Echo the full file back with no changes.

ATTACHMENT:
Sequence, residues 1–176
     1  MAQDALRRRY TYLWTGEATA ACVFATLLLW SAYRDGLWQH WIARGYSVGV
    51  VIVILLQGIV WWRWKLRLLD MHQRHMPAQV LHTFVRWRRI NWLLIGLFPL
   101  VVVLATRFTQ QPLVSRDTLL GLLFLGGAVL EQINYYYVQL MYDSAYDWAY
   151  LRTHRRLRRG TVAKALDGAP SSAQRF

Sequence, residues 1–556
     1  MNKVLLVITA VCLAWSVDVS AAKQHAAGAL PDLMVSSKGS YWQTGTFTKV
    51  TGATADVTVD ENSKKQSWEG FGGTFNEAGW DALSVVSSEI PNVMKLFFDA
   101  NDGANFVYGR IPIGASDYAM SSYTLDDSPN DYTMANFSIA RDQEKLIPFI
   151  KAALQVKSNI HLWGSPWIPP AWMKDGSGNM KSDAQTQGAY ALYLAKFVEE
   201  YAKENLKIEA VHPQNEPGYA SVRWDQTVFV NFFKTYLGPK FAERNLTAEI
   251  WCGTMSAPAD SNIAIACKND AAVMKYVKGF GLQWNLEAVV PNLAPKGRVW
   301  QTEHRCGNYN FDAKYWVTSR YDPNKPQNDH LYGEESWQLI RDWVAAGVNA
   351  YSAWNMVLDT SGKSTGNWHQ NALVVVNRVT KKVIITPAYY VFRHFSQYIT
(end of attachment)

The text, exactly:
Sequence, residues 1–176
     1  MAQDALRRRY TYLWTGEATA ACVFATLLLW SAYRDGLWQH WIARGYSVGV
    51  VIVILLQGIV WWRWKLRLLD MHQRHMPAQV LHTFVRWRRI NWLLIGLFPL
   101  VVVLATRFTQ QPLVSRDTLL GLLFLGGAVL EQINYYYVQL MYDSAYDWAY
   151  LRTHRRLRRG TVAKALDGAP SSAQRF

Sequence, residues 1–556
     1  MNKVLLVITA VCLAWSVDVS AAKQHAAGAL PDLMVSSKGS YWQTGTFTKV
    51  TGATADVTVD ENSKKQSWEG FGGTFNEAGW DALSVVSSEI PNVMKLFFDA
   101  NDGANFVYGR IPIGASDYAM SSYTLDDSPN DYTMANFSIA RDQEKLIPFI
   151  KAALQVKSNI HLWGSPWIPP AWMKDGSGNM KSDAQTQGAY ALYLAKFVEE
   201  YAKENLKIEA VHPQNEPGYA SVRWDQTVFV NFFKTYLGPK FAERNLTAEI
   251  WCGTMSAPAD SNIAIACKND AAVMKYVKGF GLQWNLEAVV PNLAPKGRVW
   301  QTEHRCGNYN FDAKYWVTSR YDPNKPQNDH LYGEESWQLI RDWVAAGVNA
   351  YSAWNMVLDT SGKSTGNWHQ NALVVVNRVT KKVIITPAYY VFRHFSQYIT